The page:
127. Development of The Venous System: The Portal System and Pulmonary Veins

  1. The portal system: the 3-week-old embryo is characterized by the existence of 3 pairs of veins: the vitelline or omphalomesenteric veins carrying blood from the yolk sac to the heart, the umbilical veins originating in the chorionic villi of the placenta and carrying oxygenated blood to the embryo, and the cardinal veins draining the body of the embryo. The portal system relates to the first 2
    1. THE VITELLINE OR OMPHALOMESENTERIC VEINS enter the body of the embryo via the yolk sac stalk, form an anastomotic network around the duodenum of the digestive tract, and then enter the septum transversum, which they cross on their way to the heart
      1. Proliferation of the entodermal liver cords, which form the liver primordium, fragments the vitelline veins to form a vascular labyrinth, the so-called hepatic sinusoids
        1. After the yolk sac disappears, the vitelline veins regress almost completely and persist only in their mesenteric branches
      2. Cranial to the liver, the vitelline veins open into the right and left horns of the sinus venosus
        1. When the left horn of the sinus venosus disappears, the right vitelline trunk receives the anastomosis of the inferior vena cava and becomes its terminal portion or suprahepatic portion of the inferior vena cava
      3. Caudal to the liver, the vitelline vein anastomotic network around the duodenum fuses to form a single trunk, the portal vein, partly by obliteration and partly by growth of different portions
        1. The superior mesenteric vein which drains the primitive intestinal loop is considered to be the successor of the right vitelline vein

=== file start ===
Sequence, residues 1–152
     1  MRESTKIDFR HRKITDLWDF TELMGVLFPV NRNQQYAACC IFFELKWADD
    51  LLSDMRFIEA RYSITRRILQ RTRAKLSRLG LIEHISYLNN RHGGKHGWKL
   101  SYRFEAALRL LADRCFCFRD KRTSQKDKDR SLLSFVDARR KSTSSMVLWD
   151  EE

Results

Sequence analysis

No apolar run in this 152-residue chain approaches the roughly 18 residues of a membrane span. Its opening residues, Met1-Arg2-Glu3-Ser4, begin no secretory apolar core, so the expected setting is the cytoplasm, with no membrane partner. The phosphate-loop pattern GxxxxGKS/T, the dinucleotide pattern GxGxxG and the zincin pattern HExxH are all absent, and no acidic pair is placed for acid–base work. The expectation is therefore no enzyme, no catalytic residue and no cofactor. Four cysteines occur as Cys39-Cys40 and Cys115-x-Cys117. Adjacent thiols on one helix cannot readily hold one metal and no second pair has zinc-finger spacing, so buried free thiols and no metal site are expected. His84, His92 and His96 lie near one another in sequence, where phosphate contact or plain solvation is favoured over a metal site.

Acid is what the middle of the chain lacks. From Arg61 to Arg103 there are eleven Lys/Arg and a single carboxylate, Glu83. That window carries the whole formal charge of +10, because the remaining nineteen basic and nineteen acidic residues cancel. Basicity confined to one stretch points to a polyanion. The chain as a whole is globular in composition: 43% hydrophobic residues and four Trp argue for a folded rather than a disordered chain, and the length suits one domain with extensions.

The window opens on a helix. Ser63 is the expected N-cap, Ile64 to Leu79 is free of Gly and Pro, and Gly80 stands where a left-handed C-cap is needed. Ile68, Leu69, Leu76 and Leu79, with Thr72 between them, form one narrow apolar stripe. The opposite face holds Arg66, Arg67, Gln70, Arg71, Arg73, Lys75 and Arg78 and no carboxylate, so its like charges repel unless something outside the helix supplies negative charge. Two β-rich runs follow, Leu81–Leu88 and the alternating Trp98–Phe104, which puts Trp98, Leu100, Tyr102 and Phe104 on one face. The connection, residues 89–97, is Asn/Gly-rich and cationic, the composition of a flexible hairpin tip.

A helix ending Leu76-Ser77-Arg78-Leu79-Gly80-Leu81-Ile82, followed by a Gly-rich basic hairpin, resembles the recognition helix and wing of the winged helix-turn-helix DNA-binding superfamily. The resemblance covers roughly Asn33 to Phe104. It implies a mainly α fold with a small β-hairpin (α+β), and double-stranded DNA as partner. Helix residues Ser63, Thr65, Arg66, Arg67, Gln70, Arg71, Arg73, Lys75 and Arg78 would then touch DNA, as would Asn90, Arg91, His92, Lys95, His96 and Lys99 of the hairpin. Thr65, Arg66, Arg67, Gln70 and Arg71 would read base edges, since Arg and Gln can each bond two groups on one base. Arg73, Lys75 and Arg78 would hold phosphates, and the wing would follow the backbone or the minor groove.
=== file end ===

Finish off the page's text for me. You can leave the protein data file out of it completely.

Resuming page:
2. The distal portion of the left vitelline vein disappears completely
    2. THE UMBILICOALLANTOIC (UMBILICAL) VEINS enter the embryo by way of the connecting stalk and then course through the mesoderm of the septum transversum toward the heart. They lie more lateral than the vitelline veins but are also fragmented by the development of the liver and are connected to the hepatic sinusoids
      1. The proximal portions of both umbilical veins as well as the remainder of the right umbilical vein ultimately disappear, so that only the left umbilical vein continues to drain the blood coming from the placenta to the liver
      2. As a result of the marked increase of the placental circulation during further development, a short circuit (direct communication) is temporarily established between the left umbilical vein and the inferior vena cava, namely, the ductus venosus, which bypasses the sinusoidal plexus of the liver
        1. After birth, the left umbilical vein and the ductus venosus are obliterated and form the ligamentum teres hepatis and the ligamentum venosum, respectively
  2. The pulmonary veins: at about the 4 mm stage, the common pulmonary vein is visible as an evagination of the dorsal wall of the atrium
    1. THE BUD subsequently grows out into the dorsal mesocardium in the direction of the primitive foregut, which gives rise to the lung buds
      1. As the atrial cavity continues to develop, the stem of the pulmonary vein is progressively incorporated into the left atrial wall
      2. The incorporation of the pulmonary veins continues until 2 right and 2 left branches of the pulmonary stem enter the atrial cavity

development of the venous system:  the portal system and pulmonary veins: image #1